One of the recurrent themes spoken by developers and civic officials in Columbus as reported in High Stakes was that getting an NHL team would make the metropolis a Major league city.  I don’t know if there is any way on measuring a Major League city (other than having a major league team), but Columbus landed the Blue Jackets expansion team in 1997 (starting play in 2000-01), adding it to the expanding list of new “Major league” towns.  These cities (such as Oklahoma City and Salt Lake City in Basketball) join the old guard of major league cities which were well established as major metropolis at the turn of the 20th Century (though maybe not so much anymore).

High Stakes tells the story of how Columbus landed a hockey franchise by looking  at one of the most instantly forgotten historic events – the failed referendum.  In 1997, the residents of Franklin County rejected a 50 cent sales tax increase that would go towards paying for an arena (for hockey) and a soccer stadium for the already established Columbus Crew of the MLS.  (The Crew played at OSU stadium at the time).  From the jaws of defeat, within a week, a new franchise owner and arena deal was procured through private (with some public) funding.  Eventually a soccer only stadium was built through mostly private funding on the state fair grounds.  Everyone won, including those consumers who would have needlessly (it seems) paid higher sales taxes to build such stadiums.  A main point throughout High Stakes, is that a strong opposition is healthy for referendum issues.   Continue reading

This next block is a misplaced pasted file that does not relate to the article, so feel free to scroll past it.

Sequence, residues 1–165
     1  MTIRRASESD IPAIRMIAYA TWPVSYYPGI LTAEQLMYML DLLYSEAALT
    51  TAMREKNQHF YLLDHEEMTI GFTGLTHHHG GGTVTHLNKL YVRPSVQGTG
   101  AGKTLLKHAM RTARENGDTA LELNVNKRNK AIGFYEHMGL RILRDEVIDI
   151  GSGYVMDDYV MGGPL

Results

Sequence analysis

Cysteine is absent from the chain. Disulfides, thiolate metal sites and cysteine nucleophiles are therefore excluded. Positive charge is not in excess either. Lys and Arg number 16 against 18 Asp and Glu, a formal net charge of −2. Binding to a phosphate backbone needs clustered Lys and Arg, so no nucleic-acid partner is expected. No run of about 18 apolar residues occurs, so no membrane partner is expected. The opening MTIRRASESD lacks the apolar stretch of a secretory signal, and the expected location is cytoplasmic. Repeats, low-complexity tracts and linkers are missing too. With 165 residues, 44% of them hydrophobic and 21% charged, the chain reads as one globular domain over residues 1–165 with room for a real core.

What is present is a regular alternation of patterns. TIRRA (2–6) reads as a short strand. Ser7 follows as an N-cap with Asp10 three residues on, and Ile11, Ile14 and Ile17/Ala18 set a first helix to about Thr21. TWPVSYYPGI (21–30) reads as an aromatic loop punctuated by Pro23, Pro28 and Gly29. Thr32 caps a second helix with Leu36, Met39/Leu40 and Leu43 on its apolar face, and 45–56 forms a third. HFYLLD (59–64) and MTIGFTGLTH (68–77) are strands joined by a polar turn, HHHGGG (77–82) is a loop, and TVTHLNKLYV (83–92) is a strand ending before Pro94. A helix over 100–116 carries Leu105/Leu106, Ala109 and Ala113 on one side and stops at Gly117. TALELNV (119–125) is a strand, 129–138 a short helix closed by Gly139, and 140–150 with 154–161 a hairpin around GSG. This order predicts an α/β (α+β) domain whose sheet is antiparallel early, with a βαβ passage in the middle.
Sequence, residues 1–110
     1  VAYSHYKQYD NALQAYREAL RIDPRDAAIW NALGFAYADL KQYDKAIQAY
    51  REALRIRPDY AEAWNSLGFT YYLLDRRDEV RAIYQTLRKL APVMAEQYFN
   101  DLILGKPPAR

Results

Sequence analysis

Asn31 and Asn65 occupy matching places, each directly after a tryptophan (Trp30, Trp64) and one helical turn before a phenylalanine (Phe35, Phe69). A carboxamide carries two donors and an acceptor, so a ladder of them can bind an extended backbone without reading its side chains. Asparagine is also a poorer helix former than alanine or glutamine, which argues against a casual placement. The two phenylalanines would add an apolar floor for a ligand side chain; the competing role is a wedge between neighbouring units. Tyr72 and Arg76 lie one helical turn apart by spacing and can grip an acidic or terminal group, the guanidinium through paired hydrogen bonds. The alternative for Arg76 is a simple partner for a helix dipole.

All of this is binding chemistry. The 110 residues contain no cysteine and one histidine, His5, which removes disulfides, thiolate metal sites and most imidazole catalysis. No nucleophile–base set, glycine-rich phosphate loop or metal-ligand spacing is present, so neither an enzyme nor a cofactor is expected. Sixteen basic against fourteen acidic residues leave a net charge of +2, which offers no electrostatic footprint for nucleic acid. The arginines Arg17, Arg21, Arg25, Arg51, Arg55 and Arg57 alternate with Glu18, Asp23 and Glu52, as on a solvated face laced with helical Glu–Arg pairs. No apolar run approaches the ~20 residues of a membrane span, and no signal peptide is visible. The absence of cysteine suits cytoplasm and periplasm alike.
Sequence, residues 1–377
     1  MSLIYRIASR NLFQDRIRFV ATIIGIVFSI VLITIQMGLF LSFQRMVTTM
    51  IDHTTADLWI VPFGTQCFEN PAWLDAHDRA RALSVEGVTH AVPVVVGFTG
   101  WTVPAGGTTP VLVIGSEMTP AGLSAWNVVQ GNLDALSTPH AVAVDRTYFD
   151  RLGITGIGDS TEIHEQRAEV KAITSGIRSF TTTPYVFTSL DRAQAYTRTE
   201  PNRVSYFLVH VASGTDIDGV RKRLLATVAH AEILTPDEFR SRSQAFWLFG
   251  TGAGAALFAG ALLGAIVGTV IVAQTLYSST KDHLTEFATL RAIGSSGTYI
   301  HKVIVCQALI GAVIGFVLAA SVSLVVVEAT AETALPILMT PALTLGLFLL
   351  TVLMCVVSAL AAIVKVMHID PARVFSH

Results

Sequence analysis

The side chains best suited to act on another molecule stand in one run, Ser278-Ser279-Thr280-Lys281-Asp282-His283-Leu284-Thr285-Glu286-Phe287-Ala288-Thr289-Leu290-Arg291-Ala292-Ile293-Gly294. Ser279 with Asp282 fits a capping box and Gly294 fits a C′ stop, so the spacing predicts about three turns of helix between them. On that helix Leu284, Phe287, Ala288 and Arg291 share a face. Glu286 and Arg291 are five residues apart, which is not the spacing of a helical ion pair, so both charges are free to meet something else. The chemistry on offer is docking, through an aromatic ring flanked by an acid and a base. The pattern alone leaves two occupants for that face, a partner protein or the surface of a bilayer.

A Complete History of the Negro Leagues

Ribowsky, Mark.  A Complete History of the Negro Leagues: 1884 to 1955.  Revised and Updated.  New York; Citadel Press, 2002.

There is much dispersed information about professional African-American baseball during the segregated years prior to 1947.  What is often referred to as “blackball” did not have a parallel history to major league baseball and it is hard to succinctly summarize.  While the game was the same, the structure of the “leagues” and seasons were vastly different.  Terms like the Negro World Series and East-West All-Star game would seem to have clear parallels in whiteball of the era, but this would not be getting the story straight.  Luckily, there have been several attempts to gather the history of blackball, or the “Negro Leagues”, into one source.  I have not read all of these titles to make a fair comparison, but I would recommend Mark Ribowsky’s A Complete History of the Negro Leagues.

Along with telling the history of the various leagues, Ribowsky does a wonderful job of telling a history of race relations in America and baseball.  He does not sugar-coat the history of blackball, which came into existence because of segregation in the separate-but-not-equal age of America.  He details the segregation of baseball in the 1880s and the different strands of racism that grew out of this (for example, there were numerous African-American teams that pretended to be Latin players for the enjoyment of the mostly white crowds).  Along with racism, the teams themselves were not necessarily sportsmanlike, with long traditions of raiding players from other teams and organized crime connections.   Most of the owners seemed to be tied to some sort of numbers racket.  A reoccurring theme is that the game was not great, but it was all that was available because of segregation.
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The Curse of Rocky Colavito